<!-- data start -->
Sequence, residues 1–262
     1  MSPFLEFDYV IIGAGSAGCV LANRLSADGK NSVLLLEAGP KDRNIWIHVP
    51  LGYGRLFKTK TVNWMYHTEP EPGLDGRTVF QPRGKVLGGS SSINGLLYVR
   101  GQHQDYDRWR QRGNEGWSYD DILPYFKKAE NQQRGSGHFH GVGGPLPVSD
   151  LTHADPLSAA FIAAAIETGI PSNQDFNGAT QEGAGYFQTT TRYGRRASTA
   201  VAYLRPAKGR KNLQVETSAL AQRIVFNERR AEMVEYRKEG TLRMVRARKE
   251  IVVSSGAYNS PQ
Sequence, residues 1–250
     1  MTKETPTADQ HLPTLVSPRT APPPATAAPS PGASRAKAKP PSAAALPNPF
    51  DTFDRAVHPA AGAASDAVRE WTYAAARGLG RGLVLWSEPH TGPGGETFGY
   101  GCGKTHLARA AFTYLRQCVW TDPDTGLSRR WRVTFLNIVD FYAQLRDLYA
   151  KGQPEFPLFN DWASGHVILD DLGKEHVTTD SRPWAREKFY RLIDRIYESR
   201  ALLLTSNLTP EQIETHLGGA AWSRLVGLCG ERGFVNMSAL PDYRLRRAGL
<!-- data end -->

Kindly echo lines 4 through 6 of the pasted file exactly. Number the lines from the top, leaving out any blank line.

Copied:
   101  GQHQDYDRWR QRGNEGWSYD DILPYFKKAE NQQRGSGHFH GVGGPLPVSD
   151  LTHADPLSAA FIAAAIETGI PSNQDFNGAT QEGAGYFQTT TRYGRRASTA
   201  VAYLRPAKGR KNLQVETSAL AQRIVFNERR AEMVEYRKEG TLRMVRARKE